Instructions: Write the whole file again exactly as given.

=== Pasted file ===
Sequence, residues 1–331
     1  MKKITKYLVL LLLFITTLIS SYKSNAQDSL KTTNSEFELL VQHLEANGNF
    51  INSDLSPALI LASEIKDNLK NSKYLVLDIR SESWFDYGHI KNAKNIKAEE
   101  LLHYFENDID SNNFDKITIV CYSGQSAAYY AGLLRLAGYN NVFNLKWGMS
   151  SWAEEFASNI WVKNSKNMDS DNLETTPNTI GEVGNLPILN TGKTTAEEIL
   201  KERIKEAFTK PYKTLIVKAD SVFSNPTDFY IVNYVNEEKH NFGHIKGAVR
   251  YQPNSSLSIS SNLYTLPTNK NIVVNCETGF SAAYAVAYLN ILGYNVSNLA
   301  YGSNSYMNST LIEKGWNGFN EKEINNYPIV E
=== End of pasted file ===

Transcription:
Sequence, residues 1–331
     1  MKKITKYLVL LLLFITTLIS SYKSNAQDSL KTTNSEFELL VQHLEANGNF
    51  INSDLSPALI LASEIKDNLK NSKYLVLDIR SESWFDYGHI KNAKNIKAEE
   101  LLHYFENDID SNNFDKITIV CYSGQSAAYY AGLLRLAGYN NVFNLKWGMS
   151  SWAEEFASNI WVKNSKNMDS DNLETTPNTI GEVGNLPILN TGKTTAEEIL
   201  KERIKEAFTK PYKTLIVKAD SVFSNPTDFY IVNYVNEEKH NFGHIKGAVR
   251  YQPNSSLSIS SNLYTLPTNK NIVVNCETGF SAAYAVAYLN ILGYNVSNLA
   301  YGSNSYMNST LIEKGWNGFN EKEINNYPIV E